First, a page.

The correlation between sovereign bonds and currencies

Sometimes forex traders are used to trading not only currency pairs but also sovereign bonds in their daily acitivity. If you have a portfolio consisting of both currencies and sovereign bonds, you need to understand what relationship exists between the two, in order to plan a profitable trading strategy. The first thing to keep in mind is that sovereign bond yields are an excellent indicator of the strength of a nation’s economy, which increases the demand for domestic currency. For example, U.K. gilt yields capture the strength of the British economy, thereby influencing demand for the sterling. The second thing to consider is that there is a well-known trade-off between bonds and stocks, since the demand for the former usually increases when the demand for the latter decreases. And viceversa. The so-called “flight to safity” effect pushes bond prices upwards and, by virtue of this trade-off, pushes down sovereign bond yields.

As more and more traders sell stocks, the increased demand for less risky assets, such as British sovereign bonds and the pound, pushes prices higher. Sovereign bond yields are a good proxy of how to predict the performance of a country’s interest rates. Let’s focus again on the U.K. 10-year sovereign bond. A rising yield is sterling bullish. A drop in yields is sterling bearish.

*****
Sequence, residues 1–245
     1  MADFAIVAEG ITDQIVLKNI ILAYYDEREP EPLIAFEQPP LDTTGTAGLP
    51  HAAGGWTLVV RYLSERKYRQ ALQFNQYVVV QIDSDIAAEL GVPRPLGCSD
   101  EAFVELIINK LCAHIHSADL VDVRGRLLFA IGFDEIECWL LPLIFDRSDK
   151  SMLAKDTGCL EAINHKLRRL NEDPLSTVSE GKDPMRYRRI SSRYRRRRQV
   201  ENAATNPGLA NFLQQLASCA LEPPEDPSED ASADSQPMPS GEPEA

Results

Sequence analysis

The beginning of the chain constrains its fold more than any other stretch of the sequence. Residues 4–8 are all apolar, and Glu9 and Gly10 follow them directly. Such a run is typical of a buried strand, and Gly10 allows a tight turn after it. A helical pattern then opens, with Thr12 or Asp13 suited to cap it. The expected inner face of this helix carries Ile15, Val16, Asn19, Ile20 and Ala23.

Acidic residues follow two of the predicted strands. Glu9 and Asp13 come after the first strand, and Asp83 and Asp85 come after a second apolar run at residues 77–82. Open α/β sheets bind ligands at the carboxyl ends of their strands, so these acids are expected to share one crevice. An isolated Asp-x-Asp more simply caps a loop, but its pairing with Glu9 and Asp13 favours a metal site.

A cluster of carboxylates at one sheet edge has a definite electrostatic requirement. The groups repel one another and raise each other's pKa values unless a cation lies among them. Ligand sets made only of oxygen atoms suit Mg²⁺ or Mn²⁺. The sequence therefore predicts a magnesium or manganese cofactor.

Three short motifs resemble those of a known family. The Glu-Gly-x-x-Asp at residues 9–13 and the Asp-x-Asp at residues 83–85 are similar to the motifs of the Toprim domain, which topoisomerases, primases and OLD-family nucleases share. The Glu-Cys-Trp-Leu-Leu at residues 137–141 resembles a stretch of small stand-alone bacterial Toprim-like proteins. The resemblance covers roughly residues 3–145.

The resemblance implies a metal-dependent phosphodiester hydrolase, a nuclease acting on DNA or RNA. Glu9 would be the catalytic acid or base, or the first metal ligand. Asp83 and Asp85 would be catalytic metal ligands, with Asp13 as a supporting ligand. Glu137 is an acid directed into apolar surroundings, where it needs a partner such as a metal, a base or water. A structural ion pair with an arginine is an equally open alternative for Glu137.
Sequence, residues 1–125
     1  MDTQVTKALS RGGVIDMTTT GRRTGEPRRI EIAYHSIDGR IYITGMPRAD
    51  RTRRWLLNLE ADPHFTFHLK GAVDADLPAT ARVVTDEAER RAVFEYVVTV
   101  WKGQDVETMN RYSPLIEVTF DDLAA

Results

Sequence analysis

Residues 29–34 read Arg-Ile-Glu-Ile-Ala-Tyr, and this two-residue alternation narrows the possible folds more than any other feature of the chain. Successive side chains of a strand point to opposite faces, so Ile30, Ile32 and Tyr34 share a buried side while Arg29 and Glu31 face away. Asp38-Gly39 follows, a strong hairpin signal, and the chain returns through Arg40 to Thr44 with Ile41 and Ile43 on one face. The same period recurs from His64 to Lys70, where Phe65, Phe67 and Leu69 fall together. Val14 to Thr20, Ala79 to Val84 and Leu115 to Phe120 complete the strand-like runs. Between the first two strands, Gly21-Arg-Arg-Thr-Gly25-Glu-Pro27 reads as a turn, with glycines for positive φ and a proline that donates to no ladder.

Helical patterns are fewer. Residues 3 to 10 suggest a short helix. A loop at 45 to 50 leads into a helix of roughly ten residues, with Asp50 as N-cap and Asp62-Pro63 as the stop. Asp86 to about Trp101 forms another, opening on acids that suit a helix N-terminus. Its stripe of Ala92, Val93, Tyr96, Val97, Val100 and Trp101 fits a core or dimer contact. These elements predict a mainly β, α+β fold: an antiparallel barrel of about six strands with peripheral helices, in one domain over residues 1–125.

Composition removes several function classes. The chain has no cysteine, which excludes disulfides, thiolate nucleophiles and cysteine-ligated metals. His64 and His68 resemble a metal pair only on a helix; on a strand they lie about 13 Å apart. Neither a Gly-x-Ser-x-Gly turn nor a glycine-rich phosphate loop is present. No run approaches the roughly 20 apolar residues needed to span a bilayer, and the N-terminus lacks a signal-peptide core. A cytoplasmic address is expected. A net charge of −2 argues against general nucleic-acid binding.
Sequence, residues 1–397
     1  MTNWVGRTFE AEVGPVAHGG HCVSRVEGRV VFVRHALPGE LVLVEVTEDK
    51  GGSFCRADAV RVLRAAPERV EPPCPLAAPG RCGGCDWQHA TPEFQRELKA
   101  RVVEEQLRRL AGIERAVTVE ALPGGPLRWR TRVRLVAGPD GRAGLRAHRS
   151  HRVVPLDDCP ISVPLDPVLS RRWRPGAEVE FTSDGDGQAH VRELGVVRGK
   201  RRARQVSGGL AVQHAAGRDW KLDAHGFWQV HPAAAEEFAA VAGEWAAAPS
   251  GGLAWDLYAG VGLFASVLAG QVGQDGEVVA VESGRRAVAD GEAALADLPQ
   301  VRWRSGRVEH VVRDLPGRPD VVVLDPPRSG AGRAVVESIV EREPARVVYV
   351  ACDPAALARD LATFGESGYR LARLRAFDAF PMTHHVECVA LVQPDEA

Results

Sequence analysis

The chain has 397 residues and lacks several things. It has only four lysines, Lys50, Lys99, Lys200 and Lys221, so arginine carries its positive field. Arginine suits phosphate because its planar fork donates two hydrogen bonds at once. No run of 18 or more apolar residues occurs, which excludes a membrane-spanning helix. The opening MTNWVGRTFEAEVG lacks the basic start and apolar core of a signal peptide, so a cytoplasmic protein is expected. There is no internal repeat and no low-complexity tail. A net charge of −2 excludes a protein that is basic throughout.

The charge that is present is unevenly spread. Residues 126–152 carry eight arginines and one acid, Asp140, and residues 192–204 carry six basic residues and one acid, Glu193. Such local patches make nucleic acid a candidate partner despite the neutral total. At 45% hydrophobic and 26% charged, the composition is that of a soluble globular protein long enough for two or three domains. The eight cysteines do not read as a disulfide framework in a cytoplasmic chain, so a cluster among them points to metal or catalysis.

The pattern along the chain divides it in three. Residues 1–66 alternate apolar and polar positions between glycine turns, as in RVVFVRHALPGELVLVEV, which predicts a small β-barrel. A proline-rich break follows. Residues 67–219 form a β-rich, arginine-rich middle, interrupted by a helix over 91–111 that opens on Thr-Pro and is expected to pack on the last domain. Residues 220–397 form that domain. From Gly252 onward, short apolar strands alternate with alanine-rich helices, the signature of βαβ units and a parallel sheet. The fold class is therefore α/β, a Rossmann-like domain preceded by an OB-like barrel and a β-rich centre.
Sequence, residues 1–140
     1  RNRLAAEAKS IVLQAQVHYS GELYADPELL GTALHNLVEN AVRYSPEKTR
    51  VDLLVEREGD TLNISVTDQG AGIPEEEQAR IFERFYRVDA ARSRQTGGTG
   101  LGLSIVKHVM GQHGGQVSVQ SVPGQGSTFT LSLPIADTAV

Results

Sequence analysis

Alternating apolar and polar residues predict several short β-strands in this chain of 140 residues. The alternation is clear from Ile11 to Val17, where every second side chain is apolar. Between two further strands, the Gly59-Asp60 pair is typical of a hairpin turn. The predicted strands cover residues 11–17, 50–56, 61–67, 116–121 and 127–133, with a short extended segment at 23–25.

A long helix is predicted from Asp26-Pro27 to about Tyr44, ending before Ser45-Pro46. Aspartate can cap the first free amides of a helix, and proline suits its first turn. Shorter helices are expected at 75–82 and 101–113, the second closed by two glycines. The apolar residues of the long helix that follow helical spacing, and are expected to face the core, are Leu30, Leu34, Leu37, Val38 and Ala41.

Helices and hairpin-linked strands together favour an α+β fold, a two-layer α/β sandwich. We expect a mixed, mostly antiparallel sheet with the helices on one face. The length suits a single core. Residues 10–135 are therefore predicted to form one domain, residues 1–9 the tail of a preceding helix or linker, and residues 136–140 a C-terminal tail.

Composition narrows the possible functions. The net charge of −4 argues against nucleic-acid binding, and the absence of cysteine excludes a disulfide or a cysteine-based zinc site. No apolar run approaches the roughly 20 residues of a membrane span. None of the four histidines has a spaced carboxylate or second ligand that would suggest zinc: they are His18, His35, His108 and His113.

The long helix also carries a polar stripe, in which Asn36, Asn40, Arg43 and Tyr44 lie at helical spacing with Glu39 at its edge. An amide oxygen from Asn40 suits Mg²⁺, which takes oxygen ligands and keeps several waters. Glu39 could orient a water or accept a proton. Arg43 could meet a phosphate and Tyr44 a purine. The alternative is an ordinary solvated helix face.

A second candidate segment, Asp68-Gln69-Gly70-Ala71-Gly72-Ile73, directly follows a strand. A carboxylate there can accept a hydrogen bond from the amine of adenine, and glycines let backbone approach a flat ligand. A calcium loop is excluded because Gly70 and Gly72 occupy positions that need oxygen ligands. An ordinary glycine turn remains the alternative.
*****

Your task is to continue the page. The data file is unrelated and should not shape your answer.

It is important to know the underlying dynamics that explains why the bond yield goes up or down. It can be based on interest rate expectations or it can be based on market uncertainty and the “flight to safity” effect with money being stolen from risky assets, such as stocks, to be invested in less risky assets, such as sovereign bonds. After understanding how rising sovereign bond yields cause the appreciation of the domestic currency, you probably want to find out how this relationship can be profitably applied to forex trading, with the aim of pairing a strong currency with a weak one, comparing first their economies. The analysis of “bond spread” provides an answer to this question.

Last week, we started to discuss about the relation between sovereign bonds and currencies in forex markets. One thing to bear in mind is that as the bond spread between two economies widens, the currency of the country with the higher bond yield appreciates against the other currency of the country with the lower bond yield. For example, this is what happened with the Aussie price action and the bond spread between Australian and U.S. 10-year sovereign bonds from January 2000 to January 2012. When the bond spread rose from 0.50% to 1.00% from 2002 to 2004, the Aussie rose almost +50,0%, from 0.5000 to 0.7000. The same happened in 2007. When the bond differential rose from 1.00% to 2.50%, the Aussie rose from 0.7000 to just above 0.9000, granting a 2,000 pips-gain.

Everything changed with the 2008 Great Recession, when all the major central banks started to cut their interest rates. On forex markets, the Aussie fell from the 0.9000 handle back down to 0.7000, as traders took advantage of carry trades. When bond spreads were increasing between the Aussie bonds and U.S. Treasuries, traders went long on the Aussie, to take advantage of carry trade. However, once the Reserve Bank of Australia followed the U.S. Federal Reserve, engaging in a rate-cut race, bond spreads began to tighten, and traders reacted by going short on the Aussie, as going long was no longer a profitable strategy.

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